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No need to hang up your running shoes as you age

  • Story Highlights
  • Stanford University study finds that running did not damage joints in aging runners
  • Runners still need to take precautions: Don't run with injuries, wear proper shoes
  • Aging runners less likely to die from certain ailments, study says
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By Leslie Wade
CNN Medical Producer
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(CNN) -- Amanda Wagner and Jessica Tuttle turn 50 this year, but they're not letting age hold them back from their favorite exercise: running. They've been lacing up their running shoes since their teens and show few signs of slowing down. Research on older runners suggests they may not have to.

Jessica Tuttle, 50, left, and Amanda Wagner, 49, have been running for more than 30 years.

Jessica Tuttle, 50, left, and Amanda Wagner, 49, have been running for more than 30 years.

"It's a little bit harder, but that's part of the challenge I think," says Wagner.

When she isn't traveling for her job at a pharmaceutical company, Wagner tries to get together with Tuttle for 45-minute pre-work runs three to five days a week. Tuttle, who is a medical epidemiologist at the Georgia Health Department, feels that running gets her day off to a good start.

"It really wakes me up in the morning," says Tuttle. "It gives me an edge when I go in to work."

Conventional wisdom holds that the pounding from years of running leads to excessive wear and tear on the body as we age, resulting in joint injuries, knee replacements or arthritis. So-called weekend warriors -- people who aren't in the type of shape needed to safely run sprints, dive for passes or make cuts on the basketball court -- add to this misconception when they hobble into their doctors' office after an injury.

But a study out of Stanford University that looked at healthy aging runners found that running did not damage joints or leave runners less able to exercise. Researchers discovered that if you're healthy and generally free of injury, there are few reasons to put away your running shoes, even into your 70s and 80s. Video Watch more on running as you age »

"Moderate [running], three to five miles at a time, three times a week will actually help your joints to be more resilient and function a little bit better," says Dr. Amadeus Mason at Emory Sports Medicine Center in Atlanta, Georgia. But he stresses that keeping the joints healthy in the first place may be the key to running longevity.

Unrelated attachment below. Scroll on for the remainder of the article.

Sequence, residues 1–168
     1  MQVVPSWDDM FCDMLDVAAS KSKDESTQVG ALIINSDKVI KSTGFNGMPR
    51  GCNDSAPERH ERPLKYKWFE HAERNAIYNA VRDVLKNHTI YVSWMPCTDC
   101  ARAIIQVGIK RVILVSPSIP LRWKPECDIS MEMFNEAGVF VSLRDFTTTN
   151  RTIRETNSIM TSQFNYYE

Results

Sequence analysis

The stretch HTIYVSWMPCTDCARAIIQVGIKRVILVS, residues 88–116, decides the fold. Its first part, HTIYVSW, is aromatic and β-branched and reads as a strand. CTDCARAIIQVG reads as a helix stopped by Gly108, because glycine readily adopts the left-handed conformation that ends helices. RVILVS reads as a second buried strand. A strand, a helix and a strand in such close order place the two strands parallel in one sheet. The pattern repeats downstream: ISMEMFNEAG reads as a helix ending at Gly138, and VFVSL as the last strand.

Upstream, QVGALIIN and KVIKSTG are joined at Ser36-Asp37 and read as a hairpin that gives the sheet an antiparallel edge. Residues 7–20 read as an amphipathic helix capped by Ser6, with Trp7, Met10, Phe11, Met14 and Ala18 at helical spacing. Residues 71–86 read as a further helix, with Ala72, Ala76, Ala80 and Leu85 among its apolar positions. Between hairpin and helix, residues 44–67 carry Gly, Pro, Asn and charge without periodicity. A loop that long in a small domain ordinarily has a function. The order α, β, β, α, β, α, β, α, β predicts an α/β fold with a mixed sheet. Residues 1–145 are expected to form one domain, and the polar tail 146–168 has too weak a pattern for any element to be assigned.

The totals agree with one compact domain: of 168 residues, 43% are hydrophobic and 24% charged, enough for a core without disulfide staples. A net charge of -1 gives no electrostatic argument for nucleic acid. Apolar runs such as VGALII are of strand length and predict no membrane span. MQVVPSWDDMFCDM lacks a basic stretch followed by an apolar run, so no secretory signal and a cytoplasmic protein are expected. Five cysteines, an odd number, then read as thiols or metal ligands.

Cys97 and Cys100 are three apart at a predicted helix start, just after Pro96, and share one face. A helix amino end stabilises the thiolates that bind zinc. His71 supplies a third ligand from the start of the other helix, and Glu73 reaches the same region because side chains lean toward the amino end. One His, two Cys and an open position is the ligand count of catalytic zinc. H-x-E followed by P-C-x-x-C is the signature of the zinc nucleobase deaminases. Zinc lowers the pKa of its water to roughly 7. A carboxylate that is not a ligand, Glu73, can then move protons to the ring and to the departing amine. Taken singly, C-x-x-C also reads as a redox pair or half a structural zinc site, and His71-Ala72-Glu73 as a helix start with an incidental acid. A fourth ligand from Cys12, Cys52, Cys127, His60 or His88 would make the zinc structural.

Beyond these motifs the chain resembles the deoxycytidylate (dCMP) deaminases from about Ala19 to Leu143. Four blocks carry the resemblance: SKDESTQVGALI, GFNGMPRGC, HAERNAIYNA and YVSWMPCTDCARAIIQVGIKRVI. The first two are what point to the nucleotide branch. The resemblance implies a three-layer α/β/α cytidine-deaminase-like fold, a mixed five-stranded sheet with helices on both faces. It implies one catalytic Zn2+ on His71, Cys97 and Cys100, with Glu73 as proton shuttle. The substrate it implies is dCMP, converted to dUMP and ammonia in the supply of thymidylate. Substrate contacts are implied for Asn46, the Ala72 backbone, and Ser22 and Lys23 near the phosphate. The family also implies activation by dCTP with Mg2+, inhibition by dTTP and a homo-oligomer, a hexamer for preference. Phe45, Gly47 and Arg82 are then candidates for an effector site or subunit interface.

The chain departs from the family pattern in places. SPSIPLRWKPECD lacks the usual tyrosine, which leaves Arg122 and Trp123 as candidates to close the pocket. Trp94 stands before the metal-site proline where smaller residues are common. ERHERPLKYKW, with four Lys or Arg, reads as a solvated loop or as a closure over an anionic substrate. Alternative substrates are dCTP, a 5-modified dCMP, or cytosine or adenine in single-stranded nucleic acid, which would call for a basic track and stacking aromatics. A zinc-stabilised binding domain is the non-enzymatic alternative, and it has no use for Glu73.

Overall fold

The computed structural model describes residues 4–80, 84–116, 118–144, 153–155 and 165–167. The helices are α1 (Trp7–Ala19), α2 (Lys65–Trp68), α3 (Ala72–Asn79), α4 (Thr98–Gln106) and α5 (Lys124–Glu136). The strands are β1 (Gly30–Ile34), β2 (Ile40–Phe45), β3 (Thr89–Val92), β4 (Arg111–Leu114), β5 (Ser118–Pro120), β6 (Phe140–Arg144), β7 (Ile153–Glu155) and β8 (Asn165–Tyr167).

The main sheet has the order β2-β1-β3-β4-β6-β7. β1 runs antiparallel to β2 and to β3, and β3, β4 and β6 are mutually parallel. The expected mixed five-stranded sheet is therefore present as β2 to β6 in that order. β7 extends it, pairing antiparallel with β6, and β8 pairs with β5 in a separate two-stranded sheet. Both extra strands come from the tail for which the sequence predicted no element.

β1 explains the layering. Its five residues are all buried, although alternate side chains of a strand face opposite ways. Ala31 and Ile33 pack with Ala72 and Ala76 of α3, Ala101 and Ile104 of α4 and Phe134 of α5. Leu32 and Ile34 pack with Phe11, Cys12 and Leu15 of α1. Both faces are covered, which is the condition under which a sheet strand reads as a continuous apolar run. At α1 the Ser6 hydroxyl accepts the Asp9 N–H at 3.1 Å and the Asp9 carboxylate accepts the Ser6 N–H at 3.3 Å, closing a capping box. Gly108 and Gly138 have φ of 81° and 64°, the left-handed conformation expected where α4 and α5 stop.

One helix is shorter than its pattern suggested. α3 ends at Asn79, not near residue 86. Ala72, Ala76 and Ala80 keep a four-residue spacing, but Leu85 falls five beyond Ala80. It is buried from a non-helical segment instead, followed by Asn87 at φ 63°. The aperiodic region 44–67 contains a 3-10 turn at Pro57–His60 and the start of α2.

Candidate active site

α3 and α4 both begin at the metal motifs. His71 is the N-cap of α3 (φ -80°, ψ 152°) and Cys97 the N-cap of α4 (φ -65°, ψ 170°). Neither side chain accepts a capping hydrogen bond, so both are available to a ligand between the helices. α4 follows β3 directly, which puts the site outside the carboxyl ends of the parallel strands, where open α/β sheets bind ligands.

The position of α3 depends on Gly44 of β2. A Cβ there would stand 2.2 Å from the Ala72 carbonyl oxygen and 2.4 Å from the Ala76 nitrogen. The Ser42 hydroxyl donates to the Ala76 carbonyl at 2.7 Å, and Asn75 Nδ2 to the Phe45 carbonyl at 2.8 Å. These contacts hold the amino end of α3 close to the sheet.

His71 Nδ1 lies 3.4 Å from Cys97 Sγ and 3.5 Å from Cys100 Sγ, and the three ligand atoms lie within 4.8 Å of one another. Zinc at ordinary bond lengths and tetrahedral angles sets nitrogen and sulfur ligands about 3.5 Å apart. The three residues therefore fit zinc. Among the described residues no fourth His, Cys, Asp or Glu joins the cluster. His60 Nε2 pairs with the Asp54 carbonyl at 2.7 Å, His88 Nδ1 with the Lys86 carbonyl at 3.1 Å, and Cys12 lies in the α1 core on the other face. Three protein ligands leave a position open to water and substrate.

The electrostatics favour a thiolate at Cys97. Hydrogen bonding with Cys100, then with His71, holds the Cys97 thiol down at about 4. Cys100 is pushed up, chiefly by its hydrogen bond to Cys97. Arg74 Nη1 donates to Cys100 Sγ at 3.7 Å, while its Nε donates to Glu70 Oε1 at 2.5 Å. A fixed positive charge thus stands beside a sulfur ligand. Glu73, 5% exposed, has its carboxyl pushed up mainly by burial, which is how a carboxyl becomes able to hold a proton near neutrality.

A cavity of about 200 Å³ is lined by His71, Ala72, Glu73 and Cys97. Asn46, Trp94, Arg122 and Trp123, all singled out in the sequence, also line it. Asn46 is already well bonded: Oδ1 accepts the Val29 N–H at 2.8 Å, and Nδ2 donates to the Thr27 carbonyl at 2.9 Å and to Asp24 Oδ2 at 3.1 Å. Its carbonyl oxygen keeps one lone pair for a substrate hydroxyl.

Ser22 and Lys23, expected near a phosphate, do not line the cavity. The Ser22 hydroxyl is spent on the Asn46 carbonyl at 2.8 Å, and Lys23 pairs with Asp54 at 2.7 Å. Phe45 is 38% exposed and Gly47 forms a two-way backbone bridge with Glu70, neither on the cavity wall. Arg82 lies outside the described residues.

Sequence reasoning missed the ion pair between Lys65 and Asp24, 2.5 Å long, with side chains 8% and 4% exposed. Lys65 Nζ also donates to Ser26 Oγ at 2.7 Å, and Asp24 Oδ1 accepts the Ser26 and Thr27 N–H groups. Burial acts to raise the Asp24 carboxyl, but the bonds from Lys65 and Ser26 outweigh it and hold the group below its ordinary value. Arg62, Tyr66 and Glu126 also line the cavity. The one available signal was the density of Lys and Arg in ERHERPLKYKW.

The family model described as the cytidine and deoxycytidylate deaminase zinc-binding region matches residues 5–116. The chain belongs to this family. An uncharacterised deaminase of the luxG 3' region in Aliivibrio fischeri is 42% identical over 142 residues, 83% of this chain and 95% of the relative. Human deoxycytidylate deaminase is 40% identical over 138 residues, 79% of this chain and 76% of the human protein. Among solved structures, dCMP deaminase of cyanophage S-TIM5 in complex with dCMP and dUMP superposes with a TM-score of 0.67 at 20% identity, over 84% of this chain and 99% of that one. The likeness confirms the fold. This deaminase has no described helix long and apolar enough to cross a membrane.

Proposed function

That includes not running through pain, and resting if you have an injury, something Tuttle takes seriously. "I try to rest maybe if I'm having some specific pain that seems to be over a couple of days," she says.

Mason also warns against running if you suffer from a chronic knee injury. In this case, the continuous pounding could accelerate damage and lead to arthritis. Instead, choose joint-friendly exercises such as swimming, walking or a workout machine such as the elliptical.

Even if you have remained healthy, as Wagner and Tuttle have, don't get overzealous and overdo it.

"The biggest risk that runners will face as they age, with regard to injury, is overtraining, by far," says Mason, who recommends giving yourself a day of rest between runs, or cross-training on the non-running days.

In addition, Mason advises wearing the proper footwear and making sure to stretch before and after a run.

Beyond the good news about aging joints, the Stanford researchers also discovered some surprising overall health benefits for senior runners when they compared them with non-runners of the same age: Those in the running group were less likely to die from heart trouble, stroke, cancer, neurological diseases or infection. Video Watch Dr. Gupta explain the study findings »

"The survival rate of the runners was again twice that of the controls," study author Dr. Eliza Chakravarty says. She says the findings were a surprise to the researchers.

Additionally, runners enjoyed a better day-to-day quality of life in old age than their more sedentary peers. "Members of the running group, it took them 16 years longer to reach certain levels of disability," says Chakravarty.

"Running is not the only thing that's going to make you live longer and be healthier; it's actually probably engaging in any kind of exercise that people enjoy," notes Chakravarty. "It's never too late to start incorporating regular exercise into your routine ... health benefits can last for decades."

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But running is still the exercise of choice for Wagner and Tuttle, who have remained relatively injury-free throughout their 30-year running careers. The women don't plan to hang up their running shoes any time soon.

"I really can't imagine not running; it's that much a part of my life," says Wagner. "And I do expect and hope to be running when I'm 60 and when I'm 70 -- I truly do."

All About Exercise and FitnessRunningStanford University

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